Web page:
Here’s a buyer scenario that gets incredibly complicated with the introduction of the eBay middleman:

    Deal of a lifetime watch appears as a BIN and I grab it right as it goes up, before anyone else sees it, ’cause it’s a steal. The not-very-experienced seller claims it has an original dial, but the dial is a refinish. I don’t care, because the watch is so rare, or I have an original dial I can use to restore the watch.

    What happens to my bargain-of-a-lifetime when the deal is cancelled by the authenticator for being listed incorrectly as an original dial watch? Doesn’t look like there is any way for the buyer to be in touch with the authenticator to re-affirm the sale if they find an issue with the watch. So eBay authenticator gets into the middle of my fabulous deal and ruins it by cancelling the sale for authentication reasons.

    That’s just one scenario. I also notice that eBay hasn’t figured out that watch *LOTS* that are above $2000 should not have this authentication service. There is a listing currently up of hundreds of crap watches (quartz, non-running, non-collectible) that has this stupid authenticity guarantee just because it is in the watch category and is listed for above $2000. Sure, the authenticator is going to go through hundreds of Fossil and Swatch and mall watches to guarantee them. [Rolls eyes.]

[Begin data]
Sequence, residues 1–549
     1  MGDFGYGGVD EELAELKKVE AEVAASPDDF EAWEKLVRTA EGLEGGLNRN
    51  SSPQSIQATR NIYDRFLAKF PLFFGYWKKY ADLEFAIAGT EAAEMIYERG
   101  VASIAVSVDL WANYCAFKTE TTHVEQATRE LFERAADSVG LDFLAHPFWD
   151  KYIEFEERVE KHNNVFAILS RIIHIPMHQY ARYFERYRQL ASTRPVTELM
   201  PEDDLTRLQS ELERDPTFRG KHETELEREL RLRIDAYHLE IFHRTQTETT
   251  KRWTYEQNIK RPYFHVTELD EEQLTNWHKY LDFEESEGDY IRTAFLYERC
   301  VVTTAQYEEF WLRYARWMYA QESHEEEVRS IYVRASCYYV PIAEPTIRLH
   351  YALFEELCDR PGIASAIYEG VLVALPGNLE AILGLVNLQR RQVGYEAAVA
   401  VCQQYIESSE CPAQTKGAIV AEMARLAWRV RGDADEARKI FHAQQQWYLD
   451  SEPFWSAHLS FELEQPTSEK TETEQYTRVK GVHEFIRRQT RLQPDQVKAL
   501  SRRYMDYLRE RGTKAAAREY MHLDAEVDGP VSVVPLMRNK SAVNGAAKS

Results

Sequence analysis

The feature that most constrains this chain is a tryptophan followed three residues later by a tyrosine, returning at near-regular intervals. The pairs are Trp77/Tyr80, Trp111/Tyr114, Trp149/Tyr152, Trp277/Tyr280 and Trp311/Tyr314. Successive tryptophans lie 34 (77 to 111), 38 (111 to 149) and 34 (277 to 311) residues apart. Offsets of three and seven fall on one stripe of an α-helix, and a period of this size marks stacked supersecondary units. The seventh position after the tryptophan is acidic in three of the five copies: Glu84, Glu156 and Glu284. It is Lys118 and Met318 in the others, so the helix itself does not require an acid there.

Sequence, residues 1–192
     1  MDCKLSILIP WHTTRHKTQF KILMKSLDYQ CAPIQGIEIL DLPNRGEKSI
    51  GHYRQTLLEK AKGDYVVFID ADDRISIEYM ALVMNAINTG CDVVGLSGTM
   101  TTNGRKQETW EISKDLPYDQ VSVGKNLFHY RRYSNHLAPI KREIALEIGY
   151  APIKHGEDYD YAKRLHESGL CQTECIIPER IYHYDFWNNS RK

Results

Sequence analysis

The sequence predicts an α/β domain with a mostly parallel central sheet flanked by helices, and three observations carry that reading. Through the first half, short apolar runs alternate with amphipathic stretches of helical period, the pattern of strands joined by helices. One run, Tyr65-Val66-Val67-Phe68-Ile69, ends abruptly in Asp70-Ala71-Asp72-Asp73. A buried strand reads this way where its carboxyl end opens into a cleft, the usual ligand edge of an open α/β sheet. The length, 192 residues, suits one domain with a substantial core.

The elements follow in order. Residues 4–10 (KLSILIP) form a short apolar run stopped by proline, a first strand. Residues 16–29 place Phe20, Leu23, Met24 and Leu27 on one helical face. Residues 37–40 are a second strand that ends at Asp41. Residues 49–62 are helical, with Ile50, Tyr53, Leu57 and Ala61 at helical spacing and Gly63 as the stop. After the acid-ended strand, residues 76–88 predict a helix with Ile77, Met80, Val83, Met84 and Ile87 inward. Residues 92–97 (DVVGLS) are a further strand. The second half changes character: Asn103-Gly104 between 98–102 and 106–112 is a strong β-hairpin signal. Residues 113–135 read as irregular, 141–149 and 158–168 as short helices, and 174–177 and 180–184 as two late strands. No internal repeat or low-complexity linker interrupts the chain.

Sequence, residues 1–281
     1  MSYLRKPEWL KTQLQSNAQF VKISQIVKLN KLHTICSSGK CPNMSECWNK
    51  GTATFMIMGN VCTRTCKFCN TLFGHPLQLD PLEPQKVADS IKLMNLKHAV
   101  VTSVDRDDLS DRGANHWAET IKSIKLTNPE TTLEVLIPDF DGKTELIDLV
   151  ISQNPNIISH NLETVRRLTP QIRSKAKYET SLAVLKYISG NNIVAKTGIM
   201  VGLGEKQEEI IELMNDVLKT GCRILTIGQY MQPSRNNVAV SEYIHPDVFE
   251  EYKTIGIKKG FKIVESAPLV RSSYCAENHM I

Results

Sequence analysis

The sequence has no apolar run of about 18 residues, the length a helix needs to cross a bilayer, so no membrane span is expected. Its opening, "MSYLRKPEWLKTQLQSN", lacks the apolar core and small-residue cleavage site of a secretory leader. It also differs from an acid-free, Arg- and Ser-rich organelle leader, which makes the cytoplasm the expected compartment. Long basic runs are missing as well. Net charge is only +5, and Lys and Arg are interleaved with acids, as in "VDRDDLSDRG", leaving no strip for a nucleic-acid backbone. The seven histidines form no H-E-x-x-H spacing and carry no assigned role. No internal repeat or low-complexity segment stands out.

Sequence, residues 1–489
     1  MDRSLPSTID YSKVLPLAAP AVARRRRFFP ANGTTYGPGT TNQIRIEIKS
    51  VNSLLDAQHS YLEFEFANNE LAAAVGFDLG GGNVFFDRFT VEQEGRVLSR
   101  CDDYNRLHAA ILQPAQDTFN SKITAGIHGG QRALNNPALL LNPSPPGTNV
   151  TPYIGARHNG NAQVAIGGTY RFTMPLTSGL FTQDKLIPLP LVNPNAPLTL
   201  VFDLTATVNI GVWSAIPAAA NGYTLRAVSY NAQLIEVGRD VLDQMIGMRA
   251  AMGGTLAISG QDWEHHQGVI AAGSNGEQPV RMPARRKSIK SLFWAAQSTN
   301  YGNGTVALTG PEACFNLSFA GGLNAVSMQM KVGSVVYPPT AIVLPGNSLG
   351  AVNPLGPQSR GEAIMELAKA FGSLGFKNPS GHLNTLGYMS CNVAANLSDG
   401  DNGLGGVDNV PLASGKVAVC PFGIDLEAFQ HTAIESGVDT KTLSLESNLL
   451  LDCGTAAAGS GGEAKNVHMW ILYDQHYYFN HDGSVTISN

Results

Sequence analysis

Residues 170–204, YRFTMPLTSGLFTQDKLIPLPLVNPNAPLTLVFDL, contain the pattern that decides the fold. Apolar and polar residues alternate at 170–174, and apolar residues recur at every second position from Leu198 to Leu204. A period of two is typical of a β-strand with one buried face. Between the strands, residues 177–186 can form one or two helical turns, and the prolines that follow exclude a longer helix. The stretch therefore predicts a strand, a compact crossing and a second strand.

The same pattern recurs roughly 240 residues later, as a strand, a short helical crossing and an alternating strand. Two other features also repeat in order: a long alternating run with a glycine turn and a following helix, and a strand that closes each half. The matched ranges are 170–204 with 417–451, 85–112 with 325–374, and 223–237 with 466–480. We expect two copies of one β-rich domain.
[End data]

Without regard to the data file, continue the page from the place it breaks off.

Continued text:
Finally, does anyone remember how poorly the eBay vintage handbags authenticity program went? I seem to recall nightmare stories of eBay confiscating totally legit bags, incorrectly claiming they were counterfeit because the authenticators were not properly experienced.

    I am not looking forward to any of this. . . .

  3. The ONLY question for me would be (since Id never sell anything with that high of a price on eBay) DO YOU TRUST EBAY AND ITS AUTHENTICATORS ?

    I know I dont.

    eBay breaks every single rule (law) that it can – and Im supposed to trust them?

    eBay (in our LAST entanglement) told me last time round “we dont care what the law says (US trade agreement that the US was NOT part of) …if party XXXX (skipping their name) SAID so and thats enough – despite “black and white letter law”.

    And thats NOT the only time.

    Ask eBay (if you can, about verowatch.com and the scam they pulled – to kick legit sellers off eBay because a brand they were trying to get onboard with a Platinum level store told them too) see if that flies with the Walmart idiot). That scenario was coercion at its best – and there was ZERO proof that any of the effected sellers had fake goods – zero.

    You trust eBay to “authenticate” stuff? Does anyone remember the violin episode?

    eBay cant even rid itself of the obvious fake goods they have now on site.

    Theres no fool like an old fool – trust eBay at your own peril!